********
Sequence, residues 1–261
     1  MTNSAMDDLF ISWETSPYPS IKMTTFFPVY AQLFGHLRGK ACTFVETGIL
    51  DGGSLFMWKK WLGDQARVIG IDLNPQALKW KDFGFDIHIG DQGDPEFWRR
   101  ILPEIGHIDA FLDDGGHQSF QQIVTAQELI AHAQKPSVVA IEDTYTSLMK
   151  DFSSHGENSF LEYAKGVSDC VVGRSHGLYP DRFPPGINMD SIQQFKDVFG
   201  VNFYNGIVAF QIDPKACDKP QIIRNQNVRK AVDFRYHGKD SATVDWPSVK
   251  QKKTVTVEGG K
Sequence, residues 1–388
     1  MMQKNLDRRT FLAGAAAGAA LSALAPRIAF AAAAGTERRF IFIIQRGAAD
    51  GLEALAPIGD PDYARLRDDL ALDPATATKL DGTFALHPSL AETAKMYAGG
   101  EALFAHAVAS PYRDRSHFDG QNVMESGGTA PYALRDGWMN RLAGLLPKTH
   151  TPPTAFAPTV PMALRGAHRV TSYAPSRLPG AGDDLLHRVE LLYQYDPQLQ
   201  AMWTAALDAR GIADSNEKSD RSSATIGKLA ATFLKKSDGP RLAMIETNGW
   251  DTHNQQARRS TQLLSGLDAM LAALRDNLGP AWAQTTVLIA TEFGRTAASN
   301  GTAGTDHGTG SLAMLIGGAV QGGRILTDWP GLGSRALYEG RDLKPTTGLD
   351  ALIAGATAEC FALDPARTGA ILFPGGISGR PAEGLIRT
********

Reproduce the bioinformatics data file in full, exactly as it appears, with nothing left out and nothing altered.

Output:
Sequence, residues 1–261
     1  MTNSAMDDLF ISWETSPYPS IKMTTFFPVY AQLFGHLRGK ACTFVETGIL
    51  DGGSLFMWKK WLGDQARVIG IDLNPQALKW KDFGFDIHIG DQGDPEFWRR
   101  ILPEIGHIDA FLDDGGHQSF QQIVTAQELI AHAQKPSVVA IEDTYTSLMK
   151  DFSSHGENSF LEYAKGVSDC VVGRSHGLYP DRFPPGINMD SIQQFKDVFG
   201  VNFYNGIVAF QIDPKACDKP QIIRNQNVRK AVDFRYHGKD SATVDWPSVK
   251  QKKTVTVEGG K
Sequence, residues 1–388
     1  MMQKNLDRRT FLAGAAAGAA LSALAPRIAF AAAAGTERRF IFIIQRGAAD
    51  GLEALAPIGD PDYARLRDDL ALDPATATKL DGTFALHPSL AETAKMYAGG
   101  EALFAHAVAS PYRDRSHFDG QNVMESGGTA PYALRDGWMN RLAGLLPKTH
   151  TPPTAFAPTV PMALRGAHRV TSYAPSRLPG AGDDLLHRVE LLYQYDPQLQ
   201  AMWTAALDAR GIADSNEKSD RSSATIGKLA ATFLKKSDGP RLAMIETNGW
   251  DTHNQQARRS TQLLSGLDAM LAALRDNLGP AWAQTTVLIA TEFGRTAASN
   301  GTAGTDHGTG SLAMLIGGAV QGGRILTDWP GLGSRALYEG RDLKPTTGLD
   351  ALIAGATAEC FALDPARTGA ILFPGGISGR PAEGLIRT